Along with his 50 free win earlier in the week, USC's Vlad Morozov swept the sprint free events with a scorching 41.38 in the 100-yard free, splitting the race 19.78, 21.60. His time tonight beat Nathan Adrian's 2009 meet record of 41.64. That's the 11th consecutive year that a swimmer has swept both events. With his title defense of the event, Morozov is just the second Trojan to win the 100 two years in a row. The first was Erik Ran back in 1990-91, another great find by USC SID Paul Goldberg. Morozov's time tonight cleared his previous personal best of 41.86 from last year's Pac 12 Championships, and vaulted him to fourth all time in the event. Only Cesar Cielo (40.92), Adrian (41.08) and Matt Grevers (41.35) have been faster.
Stanford's Aaron Wayne placed second in 42.48, while USC's Jack Wagner (43.10) and Dimitri Colupaev (43.26) finished third and fourth. Andrew Saeta also earned some big points for Stanford with a fifth-place 43.33. The Cardinal continued their epic run at tracking down California, cutting the advantage to 673-662.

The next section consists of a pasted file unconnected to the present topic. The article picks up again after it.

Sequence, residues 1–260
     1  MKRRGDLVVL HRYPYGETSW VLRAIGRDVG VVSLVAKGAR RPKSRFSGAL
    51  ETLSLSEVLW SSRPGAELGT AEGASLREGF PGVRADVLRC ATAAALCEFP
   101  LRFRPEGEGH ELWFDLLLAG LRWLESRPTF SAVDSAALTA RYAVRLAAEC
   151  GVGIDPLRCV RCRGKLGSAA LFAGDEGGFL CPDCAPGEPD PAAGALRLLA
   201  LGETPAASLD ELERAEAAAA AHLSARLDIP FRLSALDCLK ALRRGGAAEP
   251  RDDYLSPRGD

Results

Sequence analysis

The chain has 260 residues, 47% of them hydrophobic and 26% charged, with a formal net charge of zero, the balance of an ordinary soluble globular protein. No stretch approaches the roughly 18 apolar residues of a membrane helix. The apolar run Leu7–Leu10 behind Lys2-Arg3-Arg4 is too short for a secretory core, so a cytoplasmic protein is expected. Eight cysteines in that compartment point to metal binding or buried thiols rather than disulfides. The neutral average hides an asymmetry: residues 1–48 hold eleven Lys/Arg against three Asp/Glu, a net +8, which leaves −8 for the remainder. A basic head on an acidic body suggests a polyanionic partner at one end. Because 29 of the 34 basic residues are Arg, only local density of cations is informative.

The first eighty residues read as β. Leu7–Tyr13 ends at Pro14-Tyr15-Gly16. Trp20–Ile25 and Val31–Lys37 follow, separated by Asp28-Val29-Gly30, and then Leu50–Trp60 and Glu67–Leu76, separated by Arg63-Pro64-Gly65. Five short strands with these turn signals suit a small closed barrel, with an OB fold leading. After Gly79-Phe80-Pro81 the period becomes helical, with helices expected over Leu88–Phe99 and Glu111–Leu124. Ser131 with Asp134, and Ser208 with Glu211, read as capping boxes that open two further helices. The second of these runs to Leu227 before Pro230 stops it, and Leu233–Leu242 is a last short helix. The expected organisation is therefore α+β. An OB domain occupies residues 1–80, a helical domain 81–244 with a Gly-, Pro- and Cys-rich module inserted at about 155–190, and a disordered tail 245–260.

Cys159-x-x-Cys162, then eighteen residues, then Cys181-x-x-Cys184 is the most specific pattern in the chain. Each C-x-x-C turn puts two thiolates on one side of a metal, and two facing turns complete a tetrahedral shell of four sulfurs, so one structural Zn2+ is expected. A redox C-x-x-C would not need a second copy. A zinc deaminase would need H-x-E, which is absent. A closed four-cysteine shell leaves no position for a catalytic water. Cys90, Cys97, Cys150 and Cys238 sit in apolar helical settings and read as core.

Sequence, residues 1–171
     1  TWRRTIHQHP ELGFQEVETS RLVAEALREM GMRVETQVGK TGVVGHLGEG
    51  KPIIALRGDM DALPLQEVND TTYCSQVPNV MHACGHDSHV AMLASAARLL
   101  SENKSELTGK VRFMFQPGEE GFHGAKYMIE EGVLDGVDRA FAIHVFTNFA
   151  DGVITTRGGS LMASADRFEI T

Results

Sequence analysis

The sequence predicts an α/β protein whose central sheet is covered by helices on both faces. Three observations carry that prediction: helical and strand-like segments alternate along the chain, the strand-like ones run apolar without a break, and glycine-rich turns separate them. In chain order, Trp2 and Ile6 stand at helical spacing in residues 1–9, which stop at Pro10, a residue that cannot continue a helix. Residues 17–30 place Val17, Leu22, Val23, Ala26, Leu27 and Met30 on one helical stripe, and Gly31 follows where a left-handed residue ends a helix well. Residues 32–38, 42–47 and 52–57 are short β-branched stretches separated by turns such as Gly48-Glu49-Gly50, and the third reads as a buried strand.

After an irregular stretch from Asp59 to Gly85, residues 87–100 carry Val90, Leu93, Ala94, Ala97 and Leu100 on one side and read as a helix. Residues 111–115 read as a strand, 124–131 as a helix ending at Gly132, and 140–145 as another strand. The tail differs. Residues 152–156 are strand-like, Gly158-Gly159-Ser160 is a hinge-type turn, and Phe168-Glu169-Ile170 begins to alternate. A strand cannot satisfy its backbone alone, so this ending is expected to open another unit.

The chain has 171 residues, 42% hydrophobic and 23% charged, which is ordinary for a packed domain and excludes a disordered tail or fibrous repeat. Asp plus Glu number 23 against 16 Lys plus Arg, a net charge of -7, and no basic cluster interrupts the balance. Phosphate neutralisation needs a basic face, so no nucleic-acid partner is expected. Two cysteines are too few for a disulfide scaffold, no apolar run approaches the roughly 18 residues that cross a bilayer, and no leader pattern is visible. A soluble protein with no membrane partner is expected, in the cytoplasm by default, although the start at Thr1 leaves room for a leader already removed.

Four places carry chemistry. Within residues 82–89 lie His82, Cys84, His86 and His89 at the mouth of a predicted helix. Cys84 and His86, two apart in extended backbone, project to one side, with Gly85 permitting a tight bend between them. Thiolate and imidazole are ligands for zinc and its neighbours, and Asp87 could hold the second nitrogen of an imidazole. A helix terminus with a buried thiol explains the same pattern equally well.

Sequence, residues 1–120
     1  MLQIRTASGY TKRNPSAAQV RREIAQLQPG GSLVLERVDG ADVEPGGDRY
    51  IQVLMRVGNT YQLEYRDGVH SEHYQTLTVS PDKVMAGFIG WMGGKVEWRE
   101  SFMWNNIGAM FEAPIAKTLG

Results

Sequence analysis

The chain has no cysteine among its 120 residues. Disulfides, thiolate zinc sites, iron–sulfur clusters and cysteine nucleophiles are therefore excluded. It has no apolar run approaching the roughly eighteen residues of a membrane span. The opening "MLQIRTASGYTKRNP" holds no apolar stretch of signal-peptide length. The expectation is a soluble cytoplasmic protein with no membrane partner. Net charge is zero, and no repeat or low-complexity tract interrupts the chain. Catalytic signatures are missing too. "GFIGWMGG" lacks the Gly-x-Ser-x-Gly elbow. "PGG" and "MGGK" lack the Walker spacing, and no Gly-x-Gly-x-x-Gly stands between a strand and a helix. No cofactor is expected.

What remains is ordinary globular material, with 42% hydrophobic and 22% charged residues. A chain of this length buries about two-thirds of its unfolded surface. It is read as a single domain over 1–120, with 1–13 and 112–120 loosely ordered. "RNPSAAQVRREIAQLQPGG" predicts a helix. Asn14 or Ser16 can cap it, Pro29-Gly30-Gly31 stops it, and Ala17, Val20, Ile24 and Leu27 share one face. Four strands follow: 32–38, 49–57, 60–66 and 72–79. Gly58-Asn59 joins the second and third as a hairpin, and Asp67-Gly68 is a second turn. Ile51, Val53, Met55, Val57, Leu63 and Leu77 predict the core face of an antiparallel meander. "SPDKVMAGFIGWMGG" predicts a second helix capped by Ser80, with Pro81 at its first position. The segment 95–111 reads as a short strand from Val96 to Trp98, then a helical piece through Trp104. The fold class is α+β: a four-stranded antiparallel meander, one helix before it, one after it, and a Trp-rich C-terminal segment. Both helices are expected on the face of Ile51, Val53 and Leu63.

NCAA and American record holder Kevin Cordes of Arizona left plenty in the tank as he won the 200-yard breast in 1:52.96. He owns the top time in history with a scintillating 1:50.73 from just a few months ago at the Winter Nationals in November. California countered the furious Cardinal charge in a big way in this event as Josh Prenot (1:53.63) and Trevor Hoyt (1:53.76) took second and third, each under the NCAA A cut. Christian Higgins also placed sixth in 1:55.14 compared to Stanford's Mason Shaw earning seventh in 1:56.35. The Golden Bears pushed their lead back out to 719-674 after the breaststroke event. Surprisingly, Stanford's Robert Hommel, who had the chance to score some depth points for the Cardinal after qualifying 13th, scratched the B final.